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30 Jun

Flounder and More…….Fishing Nearshore and Offshore Structure

With greater restrictions taking place in many areas on Flounder fishing, anglers have become more focused on making sure that their days of fishing for the flatfish are beneficial. While the catch limits are shrinking, Flounder fishing is still popular as a sport. In recent years many Flounder fishermen have moved out the inlets seeking better results. It not only allows access to large pockets of Flounder but it also can produce great catch days with other species such as Redfish, Cobia, and Sharks. It’s less fished and the boat traffic is greatly reduced.

First, use an underwater guide such as a Maps Unique map and select multiple locations that have structure and a live bottom. Ledges are the key. You can do the same with your fishfinder. Once there, start looking for fish activity on the bottom. Remember, Flounder are there thanks to the structure as a protective environment, laying hidden in the sandy and grassy bottom waiting for their prey. Making sure there is small fish activity with your fishfinder is a good sign that Flounder is there too. However, if you find a group of King Mackerel or other predatory fish there you’ll find that Flounder fishing will be limited. When that happens look for another location. You can then rig for King Mackerel and fish or move to another location that is more suited for Flounder.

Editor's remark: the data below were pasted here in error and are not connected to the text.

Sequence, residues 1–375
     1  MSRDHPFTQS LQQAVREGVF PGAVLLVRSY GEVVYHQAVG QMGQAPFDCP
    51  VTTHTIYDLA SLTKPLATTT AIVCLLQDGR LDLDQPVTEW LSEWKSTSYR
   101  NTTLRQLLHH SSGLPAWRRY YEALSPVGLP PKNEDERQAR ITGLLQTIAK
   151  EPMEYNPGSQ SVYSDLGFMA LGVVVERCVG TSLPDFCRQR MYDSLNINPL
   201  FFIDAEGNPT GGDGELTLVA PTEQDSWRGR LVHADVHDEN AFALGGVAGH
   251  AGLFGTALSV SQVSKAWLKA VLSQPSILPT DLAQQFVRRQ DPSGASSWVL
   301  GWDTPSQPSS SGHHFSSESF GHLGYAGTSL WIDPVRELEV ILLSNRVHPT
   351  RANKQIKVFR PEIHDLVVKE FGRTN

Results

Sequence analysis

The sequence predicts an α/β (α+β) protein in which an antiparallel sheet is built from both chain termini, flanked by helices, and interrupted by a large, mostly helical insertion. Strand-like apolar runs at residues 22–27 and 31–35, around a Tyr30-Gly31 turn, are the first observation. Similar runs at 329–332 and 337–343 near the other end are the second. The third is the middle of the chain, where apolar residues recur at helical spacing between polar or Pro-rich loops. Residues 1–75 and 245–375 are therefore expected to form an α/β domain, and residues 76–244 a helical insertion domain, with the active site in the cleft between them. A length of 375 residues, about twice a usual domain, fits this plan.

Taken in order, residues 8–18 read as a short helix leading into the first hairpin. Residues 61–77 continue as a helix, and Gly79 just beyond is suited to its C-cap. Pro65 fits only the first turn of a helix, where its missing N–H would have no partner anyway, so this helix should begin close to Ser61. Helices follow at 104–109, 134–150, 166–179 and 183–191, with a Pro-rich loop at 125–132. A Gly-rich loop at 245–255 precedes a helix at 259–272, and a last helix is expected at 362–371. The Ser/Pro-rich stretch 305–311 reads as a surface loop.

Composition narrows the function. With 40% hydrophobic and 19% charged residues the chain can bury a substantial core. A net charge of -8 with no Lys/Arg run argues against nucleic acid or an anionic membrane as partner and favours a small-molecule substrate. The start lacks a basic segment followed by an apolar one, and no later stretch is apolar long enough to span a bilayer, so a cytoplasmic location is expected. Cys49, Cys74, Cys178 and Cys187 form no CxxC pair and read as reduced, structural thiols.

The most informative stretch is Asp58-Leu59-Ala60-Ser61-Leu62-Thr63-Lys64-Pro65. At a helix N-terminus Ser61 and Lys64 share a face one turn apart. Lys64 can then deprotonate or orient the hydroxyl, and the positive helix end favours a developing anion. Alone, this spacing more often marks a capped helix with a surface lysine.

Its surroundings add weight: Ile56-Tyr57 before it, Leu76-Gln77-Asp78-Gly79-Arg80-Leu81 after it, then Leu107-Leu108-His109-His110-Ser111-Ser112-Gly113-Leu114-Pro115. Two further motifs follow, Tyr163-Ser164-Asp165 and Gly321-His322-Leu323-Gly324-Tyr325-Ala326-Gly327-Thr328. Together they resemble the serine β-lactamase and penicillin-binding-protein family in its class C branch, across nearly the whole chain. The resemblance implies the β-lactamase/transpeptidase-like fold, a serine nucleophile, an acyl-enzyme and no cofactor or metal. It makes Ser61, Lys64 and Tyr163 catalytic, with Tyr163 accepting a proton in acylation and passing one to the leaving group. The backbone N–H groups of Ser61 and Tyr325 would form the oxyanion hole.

When I find a spot with good bait movement and without large predators, I’m ready to rig up for Flounder. I start with a medium rod. I use a 40-pound test fluorocarbon with a 2-ounce Bucktail baited with a live mullet. As I mentioned earlier, This type of rigging can also attract other species like schooling Redfish, Cobia and there’s always the chance of a good fight with a shark. It’s important to know that Redfish will move out to the deeper water when the water temps increase looking for that cooler water and the baitfish that reside there.

Also when it comes to nearshore and offshore structure fishing, remember fish that may have been there a few days before may not be there a few days later. This is dictated by available bait and the movement of that bait as well as the activity of those predators. Fish and especially Flounder will move from one feeding ground to another depending on multiple factors. You should always be prepared to have other options and move when necessary. Also, you’ll find that the offshore will be better in greater abundance, but many times smaller than the inshore fish.

Head out there and start fishing. You may be surprised what you catch in addition to Flounder.


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